Afraid Husband Wants to Swing
Q: We moved into a new neighborhood about six months ago, and my husband has started hanging out with some of the guys who live nearby. They play poker one night a week. We've gone to a few parties too. I feel like a bit of an outsider because they've all known each other a while and sometimes they stop talking and look at me with weird smiles when I walk up. One time, I went out the garage at a party to find my husband. Right before I came around the corner, I overheard two guys talking to him, kind of whispering. I think they were telling him that he had to get me drunk the first time and tell me how much the other guy was attracted to me. Then once I bought into it, I'd have to let him try it with another one of the wives. I was so shocked, I turned and ran back inside. Then I started realizing how huggy everyone is at those parties and I started noticing lots of looks between lots of different people. I'm so weirded out. I don't want to bring it up to my husband because I'm so afraid that he wants us to become swingers. There's no way I could do that. I'm so mad that he's even thinking about it…if he is. This is so strange. I have no idea what to do! Help! — Justine, 46
Dr. Pamela: I'm sorry to hear how your neighbor's hush-hush party whispers blindsided you and left you in a pool of uncertainty. Now you want to know what to do. But the knowing isn't the problem. It's the doing. You know you have to talk to your husband about what you heard at the party, but you don't want to do it because you are afraid to hear what he might say. Your fear of confronting your husband is a key sign that your relationship is eroding your feelings of self-worth. Avoiding asking your husband for the truth reveals your insecurities about his feelings for you. The question you need to answer is, Why don't my feelings matter to me?
Continuing your avoidance will lead to more covering up and withdrawal. Addressing the issue can lead to open and honest communication. If your husband loves and respects your needs, then your feelings will be more important to him than jumping into bed with your neighbor's wife. Pick a time when the two of you aren't hurried or preoccupied. And remember, you don't want this conversation to be an interrogation or an opportunity to find fault with his friends. Look at it as a means of bringing the two of you closer together. Be loving and kind when you describe what happened at the party and how you feel about what you heard. Believe me, once you hear his response, you'll know exactly what to do next. Keep a loving intent and be strong!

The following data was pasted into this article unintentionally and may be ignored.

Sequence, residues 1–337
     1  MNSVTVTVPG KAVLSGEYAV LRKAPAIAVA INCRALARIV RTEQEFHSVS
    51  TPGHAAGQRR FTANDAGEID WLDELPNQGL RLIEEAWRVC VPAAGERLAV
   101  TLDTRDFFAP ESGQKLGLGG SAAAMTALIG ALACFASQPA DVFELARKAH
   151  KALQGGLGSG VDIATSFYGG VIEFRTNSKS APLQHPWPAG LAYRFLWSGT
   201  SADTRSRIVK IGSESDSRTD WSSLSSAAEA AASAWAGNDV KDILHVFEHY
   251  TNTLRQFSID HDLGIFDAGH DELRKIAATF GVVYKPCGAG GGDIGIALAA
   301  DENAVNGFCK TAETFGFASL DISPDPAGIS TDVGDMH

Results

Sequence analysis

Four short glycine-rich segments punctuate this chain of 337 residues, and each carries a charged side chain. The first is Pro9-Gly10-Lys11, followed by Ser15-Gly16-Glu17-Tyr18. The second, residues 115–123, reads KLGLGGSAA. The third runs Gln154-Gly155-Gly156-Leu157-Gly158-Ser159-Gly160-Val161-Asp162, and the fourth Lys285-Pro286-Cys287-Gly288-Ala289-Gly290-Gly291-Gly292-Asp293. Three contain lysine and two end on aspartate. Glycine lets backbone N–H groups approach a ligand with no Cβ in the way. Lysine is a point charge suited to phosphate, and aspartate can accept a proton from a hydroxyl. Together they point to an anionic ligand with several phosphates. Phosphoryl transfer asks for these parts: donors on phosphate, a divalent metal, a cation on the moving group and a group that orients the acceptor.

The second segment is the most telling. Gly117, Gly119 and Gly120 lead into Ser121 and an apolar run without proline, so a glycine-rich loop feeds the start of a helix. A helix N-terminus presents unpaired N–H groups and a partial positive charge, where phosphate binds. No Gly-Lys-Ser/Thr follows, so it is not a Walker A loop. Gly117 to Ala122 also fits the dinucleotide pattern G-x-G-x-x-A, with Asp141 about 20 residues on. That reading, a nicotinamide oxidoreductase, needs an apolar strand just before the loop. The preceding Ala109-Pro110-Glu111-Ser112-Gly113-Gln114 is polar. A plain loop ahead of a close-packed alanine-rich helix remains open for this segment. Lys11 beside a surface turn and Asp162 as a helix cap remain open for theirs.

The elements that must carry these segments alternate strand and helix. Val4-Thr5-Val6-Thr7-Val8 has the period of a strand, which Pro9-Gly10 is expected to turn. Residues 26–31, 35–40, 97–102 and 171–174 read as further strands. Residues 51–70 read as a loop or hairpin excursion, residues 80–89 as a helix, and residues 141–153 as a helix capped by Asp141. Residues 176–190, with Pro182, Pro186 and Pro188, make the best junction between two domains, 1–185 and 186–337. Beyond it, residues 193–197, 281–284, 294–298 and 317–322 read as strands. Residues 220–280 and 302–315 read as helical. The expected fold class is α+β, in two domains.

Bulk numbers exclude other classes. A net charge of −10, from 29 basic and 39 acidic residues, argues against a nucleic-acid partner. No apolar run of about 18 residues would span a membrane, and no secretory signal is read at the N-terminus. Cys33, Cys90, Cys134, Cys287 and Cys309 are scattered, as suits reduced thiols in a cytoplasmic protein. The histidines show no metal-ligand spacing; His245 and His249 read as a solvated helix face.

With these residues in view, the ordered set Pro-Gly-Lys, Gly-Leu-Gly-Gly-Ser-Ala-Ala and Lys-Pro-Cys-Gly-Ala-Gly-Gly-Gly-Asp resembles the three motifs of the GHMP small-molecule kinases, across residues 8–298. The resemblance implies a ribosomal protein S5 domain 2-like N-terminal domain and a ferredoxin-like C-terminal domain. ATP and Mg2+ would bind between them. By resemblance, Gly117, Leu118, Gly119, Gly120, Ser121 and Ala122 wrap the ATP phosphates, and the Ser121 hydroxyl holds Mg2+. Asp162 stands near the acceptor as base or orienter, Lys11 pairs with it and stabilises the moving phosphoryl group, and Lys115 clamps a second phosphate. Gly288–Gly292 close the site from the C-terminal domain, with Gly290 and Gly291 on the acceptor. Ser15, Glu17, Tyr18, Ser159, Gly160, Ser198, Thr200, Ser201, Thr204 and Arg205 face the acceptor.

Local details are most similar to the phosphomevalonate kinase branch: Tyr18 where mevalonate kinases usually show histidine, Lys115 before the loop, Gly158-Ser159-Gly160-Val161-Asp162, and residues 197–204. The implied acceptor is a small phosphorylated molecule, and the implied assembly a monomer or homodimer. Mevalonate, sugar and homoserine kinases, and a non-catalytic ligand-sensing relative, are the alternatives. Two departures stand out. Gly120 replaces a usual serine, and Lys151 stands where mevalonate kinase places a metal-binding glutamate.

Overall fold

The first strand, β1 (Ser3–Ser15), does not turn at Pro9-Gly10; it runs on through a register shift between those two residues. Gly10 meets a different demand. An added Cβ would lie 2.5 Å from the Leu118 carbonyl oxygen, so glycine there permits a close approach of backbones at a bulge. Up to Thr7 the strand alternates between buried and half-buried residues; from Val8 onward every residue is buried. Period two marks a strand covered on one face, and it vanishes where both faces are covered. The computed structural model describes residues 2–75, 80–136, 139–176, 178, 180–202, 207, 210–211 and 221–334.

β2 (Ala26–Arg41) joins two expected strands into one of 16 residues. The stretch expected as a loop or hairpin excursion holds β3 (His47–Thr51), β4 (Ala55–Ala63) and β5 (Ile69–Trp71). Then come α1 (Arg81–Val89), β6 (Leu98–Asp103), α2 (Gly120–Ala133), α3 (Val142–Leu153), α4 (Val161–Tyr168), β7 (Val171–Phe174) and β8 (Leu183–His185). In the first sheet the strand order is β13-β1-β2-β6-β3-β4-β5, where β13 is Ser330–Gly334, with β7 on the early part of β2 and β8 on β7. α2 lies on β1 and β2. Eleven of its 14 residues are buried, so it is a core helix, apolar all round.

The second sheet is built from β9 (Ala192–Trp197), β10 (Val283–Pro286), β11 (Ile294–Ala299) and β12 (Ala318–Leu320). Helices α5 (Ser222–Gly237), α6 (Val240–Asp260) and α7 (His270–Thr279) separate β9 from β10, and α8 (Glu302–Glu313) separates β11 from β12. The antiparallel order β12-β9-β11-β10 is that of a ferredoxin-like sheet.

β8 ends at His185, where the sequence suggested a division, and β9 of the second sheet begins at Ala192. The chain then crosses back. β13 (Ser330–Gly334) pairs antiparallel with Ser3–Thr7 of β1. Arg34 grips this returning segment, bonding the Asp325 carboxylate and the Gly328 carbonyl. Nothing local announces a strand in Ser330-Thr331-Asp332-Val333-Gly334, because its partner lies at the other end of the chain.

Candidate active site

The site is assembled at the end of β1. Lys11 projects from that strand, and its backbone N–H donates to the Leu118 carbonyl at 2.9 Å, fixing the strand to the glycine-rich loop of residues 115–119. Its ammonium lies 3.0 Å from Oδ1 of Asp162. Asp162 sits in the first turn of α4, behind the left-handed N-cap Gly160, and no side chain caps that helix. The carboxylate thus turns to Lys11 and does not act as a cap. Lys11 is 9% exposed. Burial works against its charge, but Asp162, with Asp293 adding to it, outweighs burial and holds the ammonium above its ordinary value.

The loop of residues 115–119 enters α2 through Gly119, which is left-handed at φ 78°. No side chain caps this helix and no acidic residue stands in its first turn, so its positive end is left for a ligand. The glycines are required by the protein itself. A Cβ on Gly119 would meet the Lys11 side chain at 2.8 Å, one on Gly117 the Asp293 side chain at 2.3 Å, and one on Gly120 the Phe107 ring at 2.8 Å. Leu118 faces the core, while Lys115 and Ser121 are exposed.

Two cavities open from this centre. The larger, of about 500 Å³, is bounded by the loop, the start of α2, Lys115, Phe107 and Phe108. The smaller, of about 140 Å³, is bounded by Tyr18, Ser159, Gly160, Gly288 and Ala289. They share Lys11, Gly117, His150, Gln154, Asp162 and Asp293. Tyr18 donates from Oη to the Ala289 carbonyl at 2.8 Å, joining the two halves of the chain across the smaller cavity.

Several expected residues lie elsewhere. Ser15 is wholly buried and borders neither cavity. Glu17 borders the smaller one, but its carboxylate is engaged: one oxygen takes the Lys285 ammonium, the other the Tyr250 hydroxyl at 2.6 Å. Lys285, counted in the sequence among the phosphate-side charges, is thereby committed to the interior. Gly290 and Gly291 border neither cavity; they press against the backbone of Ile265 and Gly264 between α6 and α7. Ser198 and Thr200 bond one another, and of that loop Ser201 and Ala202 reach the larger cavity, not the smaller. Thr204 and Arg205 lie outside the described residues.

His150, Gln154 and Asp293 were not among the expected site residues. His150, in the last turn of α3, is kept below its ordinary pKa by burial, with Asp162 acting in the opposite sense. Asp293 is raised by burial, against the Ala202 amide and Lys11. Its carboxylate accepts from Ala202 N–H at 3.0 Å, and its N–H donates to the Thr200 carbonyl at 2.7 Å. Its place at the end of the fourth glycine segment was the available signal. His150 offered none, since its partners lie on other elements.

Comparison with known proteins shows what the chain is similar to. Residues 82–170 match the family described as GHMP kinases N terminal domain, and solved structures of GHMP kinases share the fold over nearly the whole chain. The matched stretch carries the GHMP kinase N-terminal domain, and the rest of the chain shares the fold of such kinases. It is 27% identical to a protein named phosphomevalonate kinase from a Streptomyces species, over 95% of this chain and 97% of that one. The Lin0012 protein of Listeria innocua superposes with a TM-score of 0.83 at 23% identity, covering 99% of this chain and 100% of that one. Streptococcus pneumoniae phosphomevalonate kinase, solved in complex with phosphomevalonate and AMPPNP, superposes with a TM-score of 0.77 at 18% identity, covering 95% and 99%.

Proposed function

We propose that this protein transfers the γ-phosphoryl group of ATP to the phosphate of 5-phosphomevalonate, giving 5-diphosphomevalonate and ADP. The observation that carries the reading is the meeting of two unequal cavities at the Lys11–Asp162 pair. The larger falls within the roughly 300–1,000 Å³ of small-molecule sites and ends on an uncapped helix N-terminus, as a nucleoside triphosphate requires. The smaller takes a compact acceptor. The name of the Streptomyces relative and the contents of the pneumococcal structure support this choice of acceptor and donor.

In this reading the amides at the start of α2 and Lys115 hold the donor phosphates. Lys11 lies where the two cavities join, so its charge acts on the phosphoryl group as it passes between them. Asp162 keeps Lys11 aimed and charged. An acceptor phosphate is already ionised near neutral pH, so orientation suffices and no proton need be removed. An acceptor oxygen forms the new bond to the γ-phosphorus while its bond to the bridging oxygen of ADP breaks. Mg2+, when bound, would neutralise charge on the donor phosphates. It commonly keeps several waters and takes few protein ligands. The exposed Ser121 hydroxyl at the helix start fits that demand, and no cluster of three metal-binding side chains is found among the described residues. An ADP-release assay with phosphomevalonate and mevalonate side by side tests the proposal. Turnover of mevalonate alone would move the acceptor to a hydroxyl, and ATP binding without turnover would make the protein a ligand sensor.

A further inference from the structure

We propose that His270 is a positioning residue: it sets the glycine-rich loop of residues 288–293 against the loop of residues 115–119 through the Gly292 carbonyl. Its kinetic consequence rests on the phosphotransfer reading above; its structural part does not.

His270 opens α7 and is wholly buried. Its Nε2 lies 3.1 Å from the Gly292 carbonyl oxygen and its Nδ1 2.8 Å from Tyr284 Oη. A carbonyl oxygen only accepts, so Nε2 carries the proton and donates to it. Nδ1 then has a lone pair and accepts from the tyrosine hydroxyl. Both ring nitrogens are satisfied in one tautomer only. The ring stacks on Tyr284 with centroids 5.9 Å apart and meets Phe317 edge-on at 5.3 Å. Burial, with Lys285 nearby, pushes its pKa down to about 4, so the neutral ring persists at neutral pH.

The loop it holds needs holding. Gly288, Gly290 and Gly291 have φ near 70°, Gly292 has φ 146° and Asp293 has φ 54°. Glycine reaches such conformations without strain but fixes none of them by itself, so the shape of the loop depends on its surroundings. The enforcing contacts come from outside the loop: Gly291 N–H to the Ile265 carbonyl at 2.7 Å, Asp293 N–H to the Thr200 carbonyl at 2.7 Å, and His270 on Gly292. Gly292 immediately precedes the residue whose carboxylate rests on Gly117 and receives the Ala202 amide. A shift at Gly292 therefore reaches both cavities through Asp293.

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Advice for Her
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Susan K. Perry, Ph.D.
Susan K. Perry, Ph.D., is a social psychologist, relationship expert, and bestselling and award-winning author. Her books include Loving in Flow: How the Happiest Couples Get and Stay That Way, and Kylie's Heel, a novel for adults.
Pamela G. Chollet, Ph.D.
Dr. Pamela Chollet has a Ph.D. in clinical psychology and Master degrees in educational psychology and fine arts. Her passion has been helping people face and get through those times when they feel trapped and unable to move forward.
Anna Charbonneau, Ph.D.
Anna Charbonneau, Ph.D., is a clinical psychologist, stress management expert, and author. If you're feeling overwhelmed, stressed out, or struggling to make changes in your life, Anna can help.